VIENNA - The Vienna Police Department welcomed two new officers to the force in December, officials said.
Jordan Michael Goode, 26, and Michael Blaine Ritchie, 19, came to work on Dec. 14, said Vienna Police Chief George M. Young. This is the first police job for both men, said Young.
With Goode and Ritchie, Vienna has 18 officers, the maximum number for the force, said Young. The two were hired after an officer left the force in the fall and a second announced he will retire in 2014, Young said.
Photo by Gretchen Richards
The Vienna Police Department welcomed the newest members, Michael Blaine Ritchie, left, and Jordan Michael Goode. Both graduated the Police Academy on Dec. 13 and started the following day.
"The amount of crime in Vienna has remained steady, but we have been low on manpower for years now," said Young. "I can't remember the last time we had a full staff here." he said.
Having Goode and Ritchie on the force will alleviate much of the overtime that other officers have been putting in lately, said Young. Scheduling becomes difficult with low manpower, especially when continuing training and vacations are taken into account, said Young.
Goode and Ritchie entered the same class at the Police Academy on Aug. 26, said Young. They were both in the top 20 of their class when they graduated on Dec. 13, said Young.
The somewhat ominous day of their graduation has become a point of humor at the Vienna Police Department, said Young.
"They graduated on Friday the 13th, and I told them I expected them both at work at 9 a.m. the following morning, even though it was a Saturday," Young said.
Goode and Ritchie made their debut on the Vienna streets during the city's Christmas parade on Dec. 14, said Young. That first shift lasted only three hours, but was enough time to show that both men have a promising future ahead of them, said Young.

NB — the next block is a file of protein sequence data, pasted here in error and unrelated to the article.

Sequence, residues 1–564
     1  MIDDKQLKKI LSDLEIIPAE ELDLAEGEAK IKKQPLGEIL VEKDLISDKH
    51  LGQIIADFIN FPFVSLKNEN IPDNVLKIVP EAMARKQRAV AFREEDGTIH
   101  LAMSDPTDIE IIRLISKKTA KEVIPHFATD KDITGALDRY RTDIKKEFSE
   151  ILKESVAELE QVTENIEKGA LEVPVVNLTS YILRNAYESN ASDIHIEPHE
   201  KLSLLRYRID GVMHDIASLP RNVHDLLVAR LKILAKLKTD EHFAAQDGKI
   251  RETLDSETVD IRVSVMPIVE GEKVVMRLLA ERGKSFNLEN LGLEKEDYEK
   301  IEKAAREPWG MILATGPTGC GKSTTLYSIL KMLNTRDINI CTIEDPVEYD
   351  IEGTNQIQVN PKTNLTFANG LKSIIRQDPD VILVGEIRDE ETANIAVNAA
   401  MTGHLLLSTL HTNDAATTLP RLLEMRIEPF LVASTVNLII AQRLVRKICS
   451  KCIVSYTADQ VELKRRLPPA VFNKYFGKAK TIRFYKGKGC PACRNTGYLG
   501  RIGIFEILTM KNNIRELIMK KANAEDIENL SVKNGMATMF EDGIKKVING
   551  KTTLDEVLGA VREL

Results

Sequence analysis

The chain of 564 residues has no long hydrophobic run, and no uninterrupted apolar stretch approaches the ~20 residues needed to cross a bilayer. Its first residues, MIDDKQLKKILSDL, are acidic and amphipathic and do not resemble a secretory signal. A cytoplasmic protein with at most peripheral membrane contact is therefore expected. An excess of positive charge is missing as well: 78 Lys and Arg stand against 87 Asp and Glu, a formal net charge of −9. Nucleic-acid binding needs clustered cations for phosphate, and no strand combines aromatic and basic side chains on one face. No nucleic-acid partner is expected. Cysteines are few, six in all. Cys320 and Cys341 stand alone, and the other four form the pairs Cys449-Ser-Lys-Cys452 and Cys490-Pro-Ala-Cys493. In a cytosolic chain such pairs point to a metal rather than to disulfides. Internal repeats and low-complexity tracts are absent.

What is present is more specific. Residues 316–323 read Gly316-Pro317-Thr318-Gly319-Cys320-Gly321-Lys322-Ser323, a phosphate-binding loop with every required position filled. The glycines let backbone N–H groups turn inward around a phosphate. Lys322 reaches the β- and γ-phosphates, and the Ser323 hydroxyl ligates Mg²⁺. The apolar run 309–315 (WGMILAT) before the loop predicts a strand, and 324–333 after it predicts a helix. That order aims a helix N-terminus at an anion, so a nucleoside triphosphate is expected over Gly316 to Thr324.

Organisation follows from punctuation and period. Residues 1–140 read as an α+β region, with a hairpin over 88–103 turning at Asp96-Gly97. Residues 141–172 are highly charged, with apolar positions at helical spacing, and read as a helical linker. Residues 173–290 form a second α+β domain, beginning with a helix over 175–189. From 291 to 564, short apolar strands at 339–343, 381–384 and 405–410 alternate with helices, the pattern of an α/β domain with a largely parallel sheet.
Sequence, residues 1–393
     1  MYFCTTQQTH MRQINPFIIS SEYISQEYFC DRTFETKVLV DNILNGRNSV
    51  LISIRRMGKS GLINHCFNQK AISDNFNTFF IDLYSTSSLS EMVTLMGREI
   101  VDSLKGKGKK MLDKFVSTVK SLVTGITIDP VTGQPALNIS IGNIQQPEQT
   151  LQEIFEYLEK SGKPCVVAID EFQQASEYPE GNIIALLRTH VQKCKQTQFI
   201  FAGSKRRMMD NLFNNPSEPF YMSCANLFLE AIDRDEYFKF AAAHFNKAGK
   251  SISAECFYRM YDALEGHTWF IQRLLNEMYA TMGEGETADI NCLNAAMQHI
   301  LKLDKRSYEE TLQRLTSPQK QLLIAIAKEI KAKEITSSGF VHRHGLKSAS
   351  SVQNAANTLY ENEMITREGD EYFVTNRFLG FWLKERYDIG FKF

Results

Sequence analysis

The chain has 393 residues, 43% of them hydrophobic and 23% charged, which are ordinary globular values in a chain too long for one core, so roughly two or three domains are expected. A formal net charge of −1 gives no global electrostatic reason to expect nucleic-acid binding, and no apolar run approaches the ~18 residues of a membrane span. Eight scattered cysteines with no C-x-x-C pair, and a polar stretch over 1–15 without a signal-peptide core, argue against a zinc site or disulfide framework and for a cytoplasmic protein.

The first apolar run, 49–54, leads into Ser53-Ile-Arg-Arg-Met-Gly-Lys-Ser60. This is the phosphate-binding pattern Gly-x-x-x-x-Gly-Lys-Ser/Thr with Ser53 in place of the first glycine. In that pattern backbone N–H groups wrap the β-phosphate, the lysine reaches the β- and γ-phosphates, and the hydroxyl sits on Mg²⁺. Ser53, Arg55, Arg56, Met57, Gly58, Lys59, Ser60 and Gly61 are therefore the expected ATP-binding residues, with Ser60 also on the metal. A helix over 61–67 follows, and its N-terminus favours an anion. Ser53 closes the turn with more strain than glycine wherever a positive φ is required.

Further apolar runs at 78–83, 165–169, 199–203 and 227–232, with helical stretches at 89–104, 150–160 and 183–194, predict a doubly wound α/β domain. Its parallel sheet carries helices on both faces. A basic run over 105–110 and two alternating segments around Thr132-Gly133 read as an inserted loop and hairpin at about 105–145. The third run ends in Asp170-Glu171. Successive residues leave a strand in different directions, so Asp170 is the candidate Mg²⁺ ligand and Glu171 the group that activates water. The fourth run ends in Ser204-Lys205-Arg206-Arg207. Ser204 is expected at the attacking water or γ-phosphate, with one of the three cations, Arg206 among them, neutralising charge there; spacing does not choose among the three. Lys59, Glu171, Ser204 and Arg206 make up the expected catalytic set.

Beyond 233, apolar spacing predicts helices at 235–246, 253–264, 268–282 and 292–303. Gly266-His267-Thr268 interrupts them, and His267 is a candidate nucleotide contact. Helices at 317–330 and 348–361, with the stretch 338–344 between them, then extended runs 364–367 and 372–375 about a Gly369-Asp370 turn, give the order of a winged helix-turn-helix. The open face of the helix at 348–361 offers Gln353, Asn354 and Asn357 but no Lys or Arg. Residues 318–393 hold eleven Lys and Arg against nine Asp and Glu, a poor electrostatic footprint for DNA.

"We are fortunate with these new hires," said Young. "After only a few short weeks, I couldn't be more proud or impressed with them," he said.
The two recruits have spent the past few weeks in the company of more experienced officers, getting to know the ins-and-outs of the office and their positions, said Young. The academy gives new recruits a great start on their careers, but it is applying that knowledge in the field that is the hardest part for new officers, said Young.
"When you are new, there are so many things that you have to remember to do, and the right order to do them in," said Young. To prevent this from being overwhelming, the new recruits spent much of the time in their first weeks riding with more experienced officers to receive Vienna-specific training and advice, said Young.
Ritchie recounted the past few weeks with enthusiasm when asked about his experiences with other officers.
"It's a lot different than it was in the academy," said Ritchie. "Everything that we dealt with at the academy was a worst-case scenario. I've learned that everything isn't worst-case when you're on the streets. The people I have encountered have been very kind and reasonable," he said.
Goode reflected on his past few weeks with equal excitement.
"The academy taught me how to keep a level head and how to deal with bad situations in a controlled environment," said Goode. "Actually being on patrol has shown me that things don't always happen by-the-book when you're on the streets, and that a level head is really needed as an officer," he said.
Both new officers commented that they look forward to working with the Vienna Police Department for many years to come, and to everything they will learn along the way.
Goode is looking forward to finding his niche on the team. "I am excited to be here, and to get out there and help people whenever I can," said Goode.
Ritchie is looking forward to becoming more confident in himself and his abilities in the future. "I'm very happy to be on the force here," Ritchie said. "I know that in a community this size, even a small thing can make a big difference in someone's life, and I'm happy to be able to offer that help to people," he said.
Bringing in fresh recruits to a police force can result in everyone becoming re-energized, said Young. While getting new recruits accustomed to everyday situations, other officers often rediscover their own love of the job, he said.
"With a department this size, when you bring in two brand new guys at once, it can be a shot in the arm," said Young. "Their enthusiasm for the job has been refreshing and contagious to us all," he said.